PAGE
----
Untitled, from the series New Now (2009), by Gaston Bertin.

Parsons graduate Gaston Bertin creates curious interactions between colours which, although reminiscent of pop art’s commercialized delights, still investigate a more contemplative relationship to the photographic medium. By abstracting some initial collages, his nonfigurative photographic creations do inevitably pull from both painting and sculpture as well. However, Bertin seeks to remove us from their materiality through effacing that recognizability, calling into question the fundamental ways we seek to identify reality through sight and its more tangible offspring, photographic prints. In his artist statement, he concludes that “[his] photographs do not transform reality into images, but transform images into reality.”


Lauren Nakadate’s #172, from the series Lucky Tiger, (2009).

This multi-disciplinary artist treats her printed self-portraits as documents less as extensions of self and more as material actors capable of acquiring their own histories; gathering fingerprint evidence of everyone who has (literally) laid their hands on them. Overall, Nakadate’s practice seeks to complicates the charged theme of women’s objectification. In this series, she invites a strangers from the internet (middle-aged men) to handle her coy self portraits (akin to soft pornography) so long as they agree to inking up their fingers beforehand. Through this consensual process, she materializes and complicates the sexually charged power dynamics at play in photographic representations of women’s bodies, thereby merging that discourse by locating it both within fine art and popular media.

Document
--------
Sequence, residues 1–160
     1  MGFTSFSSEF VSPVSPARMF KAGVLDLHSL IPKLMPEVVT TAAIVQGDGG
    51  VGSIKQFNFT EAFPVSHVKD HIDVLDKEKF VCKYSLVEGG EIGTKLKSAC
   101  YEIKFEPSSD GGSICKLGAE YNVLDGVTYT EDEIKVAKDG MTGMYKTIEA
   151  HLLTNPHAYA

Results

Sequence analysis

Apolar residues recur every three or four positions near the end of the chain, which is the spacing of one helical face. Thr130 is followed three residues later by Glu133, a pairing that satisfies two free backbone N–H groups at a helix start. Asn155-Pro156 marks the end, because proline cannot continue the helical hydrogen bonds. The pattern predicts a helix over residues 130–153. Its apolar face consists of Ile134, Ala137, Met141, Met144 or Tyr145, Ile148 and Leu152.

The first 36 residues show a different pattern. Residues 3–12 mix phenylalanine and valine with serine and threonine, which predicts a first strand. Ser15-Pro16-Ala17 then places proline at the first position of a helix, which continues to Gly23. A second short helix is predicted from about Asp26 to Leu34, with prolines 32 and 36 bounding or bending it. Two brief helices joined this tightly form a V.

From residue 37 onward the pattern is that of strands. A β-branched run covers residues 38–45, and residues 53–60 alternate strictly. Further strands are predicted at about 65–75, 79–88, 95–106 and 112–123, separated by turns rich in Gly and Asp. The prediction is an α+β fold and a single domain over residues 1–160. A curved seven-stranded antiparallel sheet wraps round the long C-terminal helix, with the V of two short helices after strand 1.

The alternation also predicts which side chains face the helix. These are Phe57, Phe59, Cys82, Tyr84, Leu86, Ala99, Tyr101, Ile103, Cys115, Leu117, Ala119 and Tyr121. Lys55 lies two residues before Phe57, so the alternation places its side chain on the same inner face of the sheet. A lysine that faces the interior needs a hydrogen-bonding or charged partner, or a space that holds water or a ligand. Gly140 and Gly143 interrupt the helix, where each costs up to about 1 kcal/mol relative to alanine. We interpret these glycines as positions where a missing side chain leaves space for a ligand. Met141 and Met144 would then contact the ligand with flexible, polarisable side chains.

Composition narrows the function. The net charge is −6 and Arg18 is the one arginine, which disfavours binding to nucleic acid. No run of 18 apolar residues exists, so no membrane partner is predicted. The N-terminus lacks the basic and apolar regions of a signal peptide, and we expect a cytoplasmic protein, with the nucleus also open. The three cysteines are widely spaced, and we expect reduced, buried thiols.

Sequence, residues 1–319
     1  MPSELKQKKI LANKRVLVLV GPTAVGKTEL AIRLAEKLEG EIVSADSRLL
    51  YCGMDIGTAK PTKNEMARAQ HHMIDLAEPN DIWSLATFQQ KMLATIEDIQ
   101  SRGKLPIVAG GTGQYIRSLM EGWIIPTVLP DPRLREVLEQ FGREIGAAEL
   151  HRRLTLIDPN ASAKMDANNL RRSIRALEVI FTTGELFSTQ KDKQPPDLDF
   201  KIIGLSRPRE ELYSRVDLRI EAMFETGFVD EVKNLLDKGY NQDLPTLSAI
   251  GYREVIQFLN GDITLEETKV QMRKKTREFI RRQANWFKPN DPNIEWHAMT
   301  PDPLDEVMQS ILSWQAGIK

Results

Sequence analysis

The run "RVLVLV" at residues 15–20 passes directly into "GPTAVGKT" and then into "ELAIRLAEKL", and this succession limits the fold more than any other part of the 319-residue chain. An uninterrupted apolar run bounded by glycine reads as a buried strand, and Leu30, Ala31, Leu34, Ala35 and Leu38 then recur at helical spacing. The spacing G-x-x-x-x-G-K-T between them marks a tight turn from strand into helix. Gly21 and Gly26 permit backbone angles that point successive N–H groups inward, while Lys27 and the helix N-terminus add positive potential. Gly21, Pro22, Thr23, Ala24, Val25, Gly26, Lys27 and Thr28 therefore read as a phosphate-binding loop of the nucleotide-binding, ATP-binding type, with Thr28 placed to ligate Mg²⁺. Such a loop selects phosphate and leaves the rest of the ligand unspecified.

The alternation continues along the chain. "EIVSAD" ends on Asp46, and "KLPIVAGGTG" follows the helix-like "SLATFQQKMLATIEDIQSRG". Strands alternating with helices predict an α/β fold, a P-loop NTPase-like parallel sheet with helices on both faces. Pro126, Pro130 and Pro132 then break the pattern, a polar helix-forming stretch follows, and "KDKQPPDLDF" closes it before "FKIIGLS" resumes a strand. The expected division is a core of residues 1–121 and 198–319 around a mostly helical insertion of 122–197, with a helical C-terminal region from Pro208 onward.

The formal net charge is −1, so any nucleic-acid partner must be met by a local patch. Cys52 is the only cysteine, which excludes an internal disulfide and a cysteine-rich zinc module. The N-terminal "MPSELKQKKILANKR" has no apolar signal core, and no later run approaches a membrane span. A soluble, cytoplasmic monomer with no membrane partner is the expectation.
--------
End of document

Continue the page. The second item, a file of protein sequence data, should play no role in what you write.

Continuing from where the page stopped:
Nakadate explores the same goal as all of the photographers above in that she seeks to draw our attention to the ambiguities of viewing through the use of two kinds of blur. Firstly, with the gentle, homemade aura of her camera’s soft focus as it skims the contours of her body. Secondly, in the disruptive fingerprints on the surface of the material photograph, which materialize and mimic the hasty and sometimes messy way that a viewer’s perception interacts with what is represented. While Nakadate’s process is not so much an overt example of the camera’s ability to blur, her premise still interestingly pin points the main conceptual pulse behind that act of “blurring a photograph”.

All of the photographers above seek to draw our attention to the ambiguities of viewing through the use of blur. So, whether this is done to capture a sense of motion that implies an relatable sense of ephemerality, or to complicate conventions of a subject’s representation, such acts of blurring all effectively challenge their viewers. These blurs enable the photograph to demand a more considered contemplation, beyond aesthetics and composition; one that prompts deeper questions as to the purpose of photography. Each of these artists prove that a well-executed photograph is not necessarily a sharp one.